From Volume 8, Issue 8 of EIR Online, Published Feb. 24, 2009

Global Economic News

Ireland May Default

Feb. 15 (EIRNS)—Ireland may soon default on its national debt. The cost of buying insurance against Irish government bonds rose to record highs on Feb. 13, having almost tripled in a week. Debt-market investors now rank Ireland as the most troubled economy in Europe.

Simon Johnson, the former chief economist of the International Monetary Fund, called for this past weekend's meeting of G7 finance ministers to put Ireland's troubles at the top of the agenda, the Times of London reported. Johnson said, "Don't, please, tell me more about the basic principles of financial reform unless and until you have addressed the Irish problem. And don't tell me the Irish have to sort this out for themselves. Eventually, the world always comes to help; check your notes on Iceland."

Royal Bank of Scotland: £30 Billion Loss; Thousands of Job Cuts

Feb. 15 (EIRNS)—The Royal Bank of Scotland (RBS) is expected to announce this coming week that it has incurred some £30 billion in losses, and that it plans to cut between 10,000 and 20,000 jobs.

The bank is reportedly considering selling off parts of ABN Amro that it acquired in 2007 as part of a three-way consortium with Spain's Santander and Belgian bank Fortis, the Times of London reports.

RBS has already axed 13,000 jobs internationally since last April, including 3,000 in its investment-banking business. The bank had announced 2,300 British job cuts last week, shortly after the its former chief executive Sir Fred Goodwin was grilled by the Treasury committee.

Japan, Korea To Buy Corporate Bonds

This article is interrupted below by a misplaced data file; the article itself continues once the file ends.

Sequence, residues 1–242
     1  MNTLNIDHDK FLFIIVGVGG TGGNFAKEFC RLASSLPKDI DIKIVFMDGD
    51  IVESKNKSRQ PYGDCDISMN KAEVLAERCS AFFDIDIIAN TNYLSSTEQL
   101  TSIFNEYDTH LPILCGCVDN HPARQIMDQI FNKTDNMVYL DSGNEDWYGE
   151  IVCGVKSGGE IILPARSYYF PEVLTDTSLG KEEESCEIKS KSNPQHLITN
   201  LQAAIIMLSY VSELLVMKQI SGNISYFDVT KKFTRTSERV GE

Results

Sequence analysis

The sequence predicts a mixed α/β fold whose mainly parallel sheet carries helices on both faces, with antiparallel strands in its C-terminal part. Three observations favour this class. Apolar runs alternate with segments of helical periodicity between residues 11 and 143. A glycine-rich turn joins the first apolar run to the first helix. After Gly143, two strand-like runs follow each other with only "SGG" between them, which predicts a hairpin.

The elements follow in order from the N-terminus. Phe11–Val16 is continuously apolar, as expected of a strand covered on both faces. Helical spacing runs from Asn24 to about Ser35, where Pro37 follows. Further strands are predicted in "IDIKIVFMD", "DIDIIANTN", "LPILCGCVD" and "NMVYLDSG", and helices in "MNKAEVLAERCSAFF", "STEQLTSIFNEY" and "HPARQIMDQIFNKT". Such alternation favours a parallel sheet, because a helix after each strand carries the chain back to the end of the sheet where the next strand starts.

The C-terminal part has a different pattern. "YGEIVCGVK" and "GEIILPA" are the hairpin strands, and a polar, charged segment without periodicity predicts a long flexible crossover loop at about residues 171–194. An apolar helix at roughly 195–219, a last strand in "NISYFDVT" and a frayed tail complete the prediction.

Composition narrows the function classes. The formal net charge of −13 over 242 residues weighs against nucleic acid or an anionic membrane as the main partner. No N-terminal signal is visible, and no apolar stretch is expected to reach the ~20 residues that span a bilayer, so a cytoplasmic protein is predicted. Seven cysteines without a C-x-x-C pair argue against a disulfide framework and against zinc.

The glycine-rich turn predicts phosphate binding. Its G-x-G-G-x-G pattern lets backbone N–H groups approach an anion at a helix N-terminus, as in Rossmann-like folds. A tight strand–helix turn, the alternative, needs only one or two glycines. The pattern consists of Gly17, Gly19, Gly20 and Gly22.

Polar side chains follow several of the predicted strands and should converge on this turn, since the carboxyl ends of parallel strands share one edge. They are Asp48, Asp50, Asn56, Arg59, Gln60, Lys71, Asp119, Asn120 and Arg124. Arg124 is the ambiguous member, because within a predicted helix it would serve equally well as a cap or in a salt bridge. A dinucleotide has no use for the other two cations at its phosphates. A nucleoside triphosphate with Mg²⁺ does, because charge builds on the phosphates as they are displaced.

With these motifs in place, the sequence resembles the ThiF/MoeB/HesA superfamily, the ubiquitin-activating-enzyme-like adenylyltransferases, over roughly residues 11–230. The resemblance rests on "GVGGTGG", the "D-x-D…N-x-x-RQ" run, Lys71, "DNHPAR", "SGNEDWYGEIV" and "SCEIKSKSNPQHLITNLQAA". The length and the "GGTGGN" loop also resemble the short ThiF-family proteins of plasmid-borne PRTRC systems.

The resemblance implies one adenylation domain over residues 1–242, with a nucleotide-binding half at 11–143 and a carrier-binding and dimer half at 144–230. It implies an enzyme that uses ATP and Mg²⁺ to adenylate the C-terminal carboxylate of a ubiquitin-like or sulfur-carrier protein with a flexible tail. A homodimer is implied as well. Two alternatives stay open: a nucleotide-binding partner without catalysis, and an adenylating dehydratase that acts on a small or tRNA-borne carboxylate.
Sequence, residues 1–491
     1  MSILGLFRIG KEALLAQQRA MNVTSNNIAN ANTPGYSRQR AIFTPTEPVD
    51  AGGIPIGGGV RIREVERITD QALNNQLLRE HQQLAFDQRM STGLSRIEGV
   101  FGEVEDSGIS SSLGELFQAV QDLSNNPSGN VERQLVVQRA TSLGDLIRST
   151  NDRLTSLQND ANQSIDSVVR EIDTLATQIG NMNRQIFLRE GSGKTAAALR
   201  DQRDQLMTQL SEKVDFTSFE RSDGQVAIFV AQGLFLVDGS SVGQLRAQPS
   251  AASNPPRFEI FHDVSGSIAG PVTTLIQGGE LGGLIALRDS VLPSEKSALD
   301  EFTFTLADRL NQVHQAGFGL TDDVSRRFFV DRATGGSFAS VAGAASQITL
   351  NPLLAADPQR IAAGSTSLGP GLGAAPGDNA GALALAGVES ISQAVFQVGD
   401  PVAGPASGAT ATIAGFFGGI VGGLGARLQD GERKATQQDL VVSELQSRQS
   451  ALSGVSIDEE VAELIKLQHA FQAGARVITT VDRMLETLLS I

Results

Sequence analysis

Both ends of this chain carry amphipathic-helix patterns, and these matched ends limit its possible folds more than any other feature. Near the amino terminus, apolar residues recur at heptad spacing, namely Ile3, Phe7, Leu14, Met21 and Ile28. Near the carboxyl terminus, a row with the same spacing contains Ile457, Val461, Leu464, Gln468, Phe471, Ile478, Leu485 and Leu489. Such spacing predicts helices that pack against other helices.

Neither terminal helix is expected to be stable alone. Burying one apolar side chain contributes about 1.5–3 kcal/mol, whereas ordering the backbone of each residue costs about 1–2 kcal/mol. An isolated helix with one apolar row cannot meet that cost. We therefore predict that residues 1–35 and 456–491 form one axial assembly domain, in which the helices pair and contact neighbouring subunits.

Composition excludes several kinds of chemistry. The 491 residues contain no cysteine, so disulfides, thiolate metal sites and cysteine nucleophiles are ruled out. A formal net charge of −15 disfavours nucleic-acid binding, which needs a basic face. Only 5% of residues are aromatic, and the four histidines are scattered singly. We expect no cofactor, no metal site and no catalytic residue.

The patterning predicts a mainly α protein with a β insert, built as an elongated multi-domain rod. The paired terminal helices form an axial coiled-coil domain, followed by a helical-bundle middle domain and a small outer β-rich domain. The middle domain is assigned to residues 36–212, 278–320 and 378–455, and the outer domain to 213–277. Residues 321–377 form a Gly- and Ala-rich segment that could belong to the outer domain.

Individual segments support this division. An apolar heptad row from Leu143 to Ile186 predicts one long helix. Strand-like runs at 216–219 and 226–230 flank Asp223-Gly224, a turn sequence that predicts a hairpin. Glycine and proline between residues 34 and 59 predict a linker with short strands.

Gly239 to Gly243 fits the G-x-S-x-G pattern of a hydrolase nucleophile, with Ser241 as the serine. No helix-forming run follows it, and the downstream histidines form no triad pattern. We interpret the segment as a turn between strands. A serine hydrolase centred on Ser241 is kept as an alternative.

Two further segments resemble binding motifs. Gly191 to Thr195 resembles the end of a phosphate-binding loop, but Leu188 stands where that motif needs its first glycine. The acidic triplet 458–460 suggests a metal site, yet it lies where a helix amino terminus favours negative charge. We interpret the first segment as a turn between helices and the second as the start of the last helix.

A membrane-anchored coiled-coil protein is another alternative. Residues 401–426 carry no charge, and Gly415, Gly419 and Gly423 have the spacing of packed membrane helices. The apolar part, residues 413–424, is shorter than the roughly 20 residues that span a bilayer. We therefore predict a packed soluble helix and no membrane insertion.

Feb. 19 (EIRNS)—The Bank of Japan said it will buy 1 trillion yen ($10.7 billion) in corporate bonds from financial institutions and extend lending programs to prevent a shortage of credit. The Central Bank said it will extend programs to buy commercial paper and provide unlimited collateral-backed loans to financial institutions until September, and continue accepting lower-rated assets as collateral until December. Only bonds rated A or above are eligible for the purchase program.

The collapse is making it difficult for companies to raise funds by selling debt or shares, and banks are struggling to meet an increase in demand for loans. The cost to protect Japanese corporate debt against default soared to a record this week, due to concern that bankruptcies will sharply increase as the economy worsens.

In Korea, similar measures are being undertaken using a different agency. The Korea Asset Management Corp. will form a fund to buy distressed corporate bonds from South Korean financial institutions to revive an industry weighted down by defaults. The state-run distressed asset specialist will also expand its purchases of bad loans made to construction companies, the Financial Services Commission said today.

"The government has the choice of leaving the companies to go under or try to cull out the more viable ones and focus temporary support for them, and obviously they have taken the latter option," said Go You Sun, an economist at Daewoo Securities Co. in Seoul.

All rights reserved © 2009 EIRNS